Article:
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Can we afford technically exceptional higher education?

September 25, 2013 03:12 PM

 

I blogged a few weeks’ ago about the challenges President Obama articulated on his recent education tour. His proposed initiatives to make higher education more affordable and better at equipping students with the knowledge and skills they need for meaningful 21st century employment got my attention for two reasons: First, because I believe firmly that innovating the ways in which we deliver and price education is central to universities’ ability to turn a quality education into an investment. Second, because the concept sounded so much like LPTETM:

As Optimos defines it, LPTETMis the antithesis of the government’s low price, technically acceptable (LPTA) procurement evaluation criteria. Essentially, who wants to provide – or pay for – ‘acceptable’ services and solutions because they happen to cost the least?

I asked Dr. Nariman Farvardin, president of my alma mater, Stevens Institute of Technology, if he would share his thoughts with our readers on how colleges and universities can be accessible and affordable, while delivering a technically exceptional education.

Dr. Farvardin joined Stevens in 2011 after 27 years at the University of Maryland, where he most recently was the university’s senior vice president for academic affairs and provost. Previously, he was professor of computer and electrical engineering, served as chaired the Department of Computer and Electrical Engineering, and was dean of the A. James Clark School of Engineering.

I’m delighted to welcome Dr. Farvardin to Optimos blog!

~ Lisa

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Innovating Higher Education’s Future

When introducing a series of initiatives aimed at making college education more affordable, President Obama referred to higher education as “the single most important investment students can make in their own futures.”

The president does not overstate the importance of a college education to a young person’s future. On average, college graduates earn one million dollars more over a lifetime than high school graduates.

Making higher education accessible to as many students as possible and ensuring its value are goals that we as a society must embrace. A college education has become America’s most effective ladder to the middle class, unlocking opportunities for students across the socioeconomic spectrum that would not be available otherwise.

As critical as the issue of affordability is, however, this perspective misses an equally important part of the college equation: outcomes. As President Obama correctly states, a college education is an investment. It is therefore imperative to also consider the return on investment.

At Stevens Institute of Technology, we place a strong emphasis on the value and return on investment in the education we offer, and that ROI has skyrocketed. Stevens ranks third in the nation with graduates’ gross cumulative earnings at $1.46 million above the cost of their Bachelor’s degree after 30 years in the workforce, according to PayScale.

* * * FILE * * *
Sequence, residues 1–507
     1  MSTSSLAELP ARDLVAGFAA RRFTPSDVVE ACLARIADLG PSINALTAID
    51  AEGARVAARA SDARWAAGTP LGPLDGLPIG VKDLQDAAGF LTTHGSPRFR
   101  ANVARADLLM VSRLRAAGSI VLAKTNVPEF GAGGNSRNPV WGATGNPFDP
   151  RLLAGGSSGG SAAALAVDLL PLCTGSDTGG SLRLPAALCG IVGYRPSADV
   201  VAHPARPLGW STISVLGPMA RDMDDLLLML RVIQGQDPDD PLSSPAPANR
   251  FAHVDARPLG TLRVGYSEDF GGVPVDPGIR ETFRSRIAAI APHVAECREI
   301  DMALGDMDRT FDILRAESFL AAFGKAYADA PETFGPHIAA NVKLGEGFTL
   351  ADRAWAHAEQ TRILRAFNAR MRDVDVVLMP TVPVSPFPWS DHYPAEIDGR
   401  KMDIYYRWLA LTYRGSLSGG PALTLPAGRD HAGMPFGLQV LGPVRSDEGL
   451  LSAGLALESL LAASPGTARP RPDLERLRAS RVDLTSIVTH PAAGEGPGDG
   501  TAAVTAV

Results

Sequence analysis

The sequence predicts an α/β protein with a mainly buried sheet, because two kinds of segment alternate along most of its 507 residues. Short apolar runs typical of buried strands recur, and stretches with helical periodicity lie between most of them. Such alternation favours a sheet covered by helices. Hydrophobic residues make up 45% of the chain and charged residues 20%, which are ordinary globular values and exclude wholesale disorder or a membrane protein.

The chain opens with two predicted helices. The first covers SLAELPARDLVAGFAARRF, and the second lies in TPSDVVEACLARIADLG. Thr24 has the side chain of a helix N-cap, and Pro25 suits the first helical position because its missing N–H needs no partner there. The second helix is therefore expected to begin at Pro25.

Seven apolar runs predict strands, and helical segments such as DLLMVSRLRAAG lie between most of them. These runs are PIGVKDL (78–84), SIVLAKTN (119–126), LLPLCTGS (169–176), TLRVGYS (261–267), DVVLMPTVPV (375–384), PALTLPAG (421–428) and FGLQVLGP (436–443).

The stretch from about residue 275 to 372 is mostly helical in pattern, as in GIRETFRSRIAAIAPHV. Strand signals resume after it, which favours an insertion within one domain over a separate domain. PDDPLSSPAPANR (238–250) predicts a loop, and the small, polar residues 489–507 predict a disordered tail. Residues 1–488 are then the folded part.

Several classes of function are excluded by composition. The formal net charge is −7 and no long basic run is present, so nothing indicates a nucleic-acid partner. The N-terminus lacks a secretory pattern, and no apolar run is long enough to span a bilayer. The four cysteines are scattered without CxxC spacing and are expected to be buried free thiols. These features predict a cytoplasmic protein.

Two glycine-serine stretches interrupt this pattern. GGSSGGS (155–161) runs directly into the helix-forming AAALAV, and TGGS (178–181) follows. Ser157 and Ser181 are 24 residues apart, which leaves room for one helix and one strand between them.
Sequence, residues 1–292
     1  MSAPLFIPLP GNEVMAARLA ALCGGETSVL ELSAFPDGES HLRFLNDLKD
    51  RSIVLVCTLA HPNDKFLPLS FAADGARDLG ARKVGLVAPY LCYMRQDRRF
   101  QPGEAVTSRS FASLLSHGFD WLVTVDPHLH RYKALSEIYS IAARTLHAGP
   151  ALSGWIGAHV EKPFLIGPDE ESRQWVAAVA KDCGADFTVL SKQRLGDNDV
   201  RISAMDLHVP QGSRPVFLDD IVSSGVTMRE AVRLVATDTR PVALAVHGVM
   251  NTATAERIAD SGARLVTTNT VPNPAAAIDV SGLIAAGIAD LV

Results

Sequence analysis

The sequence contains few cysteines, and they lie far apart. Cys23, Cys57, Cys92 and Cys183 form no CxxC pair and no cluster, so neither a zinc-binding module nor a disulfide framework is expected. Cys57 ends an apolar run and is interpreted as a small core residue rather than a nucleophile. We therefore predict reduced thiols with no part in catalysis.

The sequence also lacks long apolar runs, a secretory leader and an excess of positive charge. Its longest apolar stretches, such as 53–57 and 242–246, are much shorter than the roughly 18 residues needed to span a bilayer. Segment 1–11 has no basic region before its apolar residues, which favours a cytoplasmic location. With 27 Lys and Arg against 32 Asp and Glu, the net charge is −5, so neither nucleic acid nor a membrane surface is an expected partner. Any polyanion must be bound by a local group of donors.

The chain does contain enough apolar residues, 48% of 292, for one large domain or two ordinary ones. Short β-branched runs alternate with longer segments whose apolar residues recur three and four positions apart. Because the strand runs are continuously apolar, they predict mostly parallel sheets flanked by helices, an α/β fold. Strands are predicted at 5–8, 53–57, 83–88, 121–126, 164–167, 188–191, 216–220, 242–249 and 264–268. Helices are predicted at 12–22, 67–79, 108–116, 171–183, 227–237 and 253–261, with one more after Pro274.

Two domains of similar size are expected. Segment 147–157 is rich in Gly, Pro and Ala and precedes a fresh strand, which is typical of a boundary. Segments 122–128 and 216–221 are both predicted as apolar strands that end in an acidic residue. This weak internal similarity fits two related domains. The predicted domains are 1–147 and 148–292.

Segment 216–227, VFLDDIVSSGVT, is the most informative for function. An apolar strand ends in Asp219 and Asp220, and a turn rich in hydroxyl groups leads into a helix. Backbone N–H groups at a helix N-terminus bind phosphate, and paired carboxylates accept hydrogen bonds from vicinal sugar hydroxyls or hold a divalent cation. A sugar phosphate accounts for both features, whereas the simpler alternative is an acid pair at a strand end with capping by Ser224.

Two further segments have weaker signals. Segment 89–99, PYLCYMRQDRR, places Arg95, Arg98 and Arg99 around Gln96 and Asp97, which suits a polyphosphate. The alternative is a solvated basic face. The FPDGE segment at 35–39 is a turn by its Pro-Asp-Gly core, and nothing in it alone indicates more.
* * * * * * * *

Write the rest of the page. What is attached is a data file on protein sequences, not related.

In addition to optimizing ROI, Stevens is making deliberate efforts to hold down the cost of tuition increases. We have reduced the rate of increase to just 3 percent for the last two years.  Moreover, 93 percent of Stevens’ students receive financial aid to offset the cost of education. 

It is an understatement to describe this period in the history of higher education as one of great transition. New opportunities afforded by emerging technologies such as massive open online courses (MOOCs), the different learning styles and requirements of “digital natives,” increased employer expectations, and many other societal and economic forces exert an unprecedented degree of pressure on the higher education industry.

Institutions that emerge stronger during this period of dramatic change will be those that adopt an innovation mindset, those that make higher education accessible, affordable, efficient, and effective. This is an imperative, both to provide opportunities for an increasingly diverse pool of potential college students, and for the value—economic and otherwise—that higher education brings to a vibrant economy and a free and progressive society. 

Innovation is needed in this critical time in higher education. The Harvard- and MIT-led edX initiative, Georgia Tech’s $7,000 computer science master’s program, and widespread experimentation with MOOCs are some high-profile examples of such innovation in our sector. Employing new technologies is just one component of the innovation necessary to make higher education more effective, more efficient and more accessible for a more diverse group of learners. Beyond technology solutions, however, the models used to deliver disciplinary and liberal learning, as well as employer-valued “transcendent skills” —communication, collaboration, and problem-solving to name a few—must be continually examined to ensure that higher education’s “products” remain both grounded in relevant disciplinary knowledge and adaptive to our dynamic society.

Thankfully, there is no one-size-fits-all solution in higher education. The future of our industry will comprise adaptive and agile institutions that provide value to a diverse range of students in flexible and affordable modes.

President Obama has eyed an issue intimately linked to the long-term outlook of our nation, matched by the complexity of the solution required to address it. An approach that recognizes the potential of technology and the benefits of a traditional college experience – while avoiding crude, superficial measurements – will lead us in a direction to provide more educational options to more people.

Dr. Nariman Farvardin is the president of Stevens Institute of Technology in Hoboken, N.J.

 

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